December 24, 1985.
Appeal from the District Court, Stearns County, Roger Klaphake, J.
Paul Widick, Van Drake Van Drake, Ltd., Brainerd, for respondents.
Kevin S. Carpenter, Quinlivan, Sherwood, Spellacy Tarvestad, P.A., St. Cloud, for appellant.
Heard, considered and decided by CRIPPEN, P.J., and WOZNIAK and LANSING, JJ.
St. Cloud Hospital appeals the trial court's decision that violation of the Vulnerable Adult Act, Minn.Stat. § 626.557 (1982 Supp. 1983), which requires hospital personnel to report abuse of vulnerable adult patients, imposes absolute liability for damages caused by the failure to report. Kathryn Thelen filed a notice of review and argues that the hospital is absolutely liable for all damages caused by the abuse, not just damages caused by the failure to report the abuse. We affirm the trial court.
Kathryn Thelen, age 19, was hospitalized at St. Cloud Hospital from April 5 through May 23, 1983. Her diagnosis on admission was severe depression. While there she met a hospital employee named Thomas Eickhoff, a "mental health specialist." Thelen testified in a deposition that Eickhoff discussed sex in an explicit manner with her numerous times each day; he once poked her in the breast with a pool cue while they were playing pool; he once kissed her on the forehead and lips; he once grabbed her buttocks; and he once attempted to touch her breast while tickling her. She also testified that he asked her not to tell others about his behavior because he could get into trouble.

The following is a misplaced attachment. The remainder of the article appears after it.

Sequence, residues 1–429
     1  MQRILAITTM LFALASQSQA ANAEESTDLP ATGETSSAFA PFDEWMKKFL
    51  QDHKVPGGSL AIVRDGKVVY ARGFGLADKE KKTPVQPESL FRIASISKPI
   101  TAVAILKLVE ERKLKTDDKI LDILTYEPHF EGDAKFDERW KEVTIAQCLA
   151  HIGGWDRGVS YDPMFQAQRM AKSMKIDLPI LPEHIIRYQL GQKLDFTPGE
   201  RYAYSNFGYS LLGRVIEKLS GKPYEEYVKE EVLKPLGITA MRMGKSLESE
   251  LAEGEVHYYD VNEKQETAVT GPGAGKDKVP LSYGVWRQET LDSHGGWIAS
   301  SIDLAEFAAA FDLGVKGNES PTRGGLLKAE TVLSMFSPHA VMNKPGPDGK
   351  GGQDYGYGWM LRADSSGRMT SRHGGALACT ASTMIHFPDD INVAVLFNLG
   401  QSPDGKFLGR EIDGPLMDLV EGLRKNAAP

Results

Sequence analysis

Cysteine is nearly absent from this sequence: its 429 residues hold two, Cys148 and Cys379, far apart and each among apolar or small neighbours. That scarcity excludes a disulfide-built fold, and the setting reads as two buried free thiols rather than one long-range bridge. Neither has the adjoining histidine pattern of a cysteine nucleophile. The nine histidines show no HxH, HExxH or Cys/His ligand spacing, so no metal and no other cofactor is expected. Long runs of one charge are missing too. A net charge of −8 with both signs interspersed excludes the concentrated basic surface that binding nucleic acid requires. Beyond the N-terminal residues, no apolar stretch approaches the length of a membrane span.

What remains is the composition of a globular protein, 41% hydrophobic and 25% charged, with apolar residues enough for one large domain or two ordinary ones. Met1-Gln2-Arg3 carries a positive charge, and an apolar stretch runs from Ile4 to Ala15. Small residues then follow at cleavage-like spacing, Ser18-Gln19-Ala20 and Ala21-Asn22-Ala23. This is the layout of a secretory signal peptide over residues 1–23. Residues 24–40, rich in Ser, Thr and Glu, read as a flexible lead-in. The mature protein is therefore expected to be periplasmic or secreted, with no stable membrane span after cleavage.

The complaint alleges that two other female patients reported similar misconduct by Eickhoff at various times between February and May 1983 and that no action was taken in response to their complaints. In May 1983 Thelen and one of the other female patients discussed Eickhoff's sexual advances toward them. A few days later Thelen told her father, who in turn called the sheriff and reported Eickhoff's behavior. Eickhoff was immediately removed from the mental health unit. Thelen's diagnosis on discharge was major depression with psychosis.
Thelen and her parents brought this action against the hospital, Thelen's psychiatrist, and a staff psychiatrist who had treated one of the other abused female patients, alleging they knew Eickhoff had abused patients in the past. The complaint alleged numerous causes of action, including liability for violation of the Vulnerable Adult Act, Minn.Stat. § 626.557, which requires health care professionals to report abuse of vulnerable adult patients. All defendants raised affirmative defenses of contributory negligence and assumption of risk.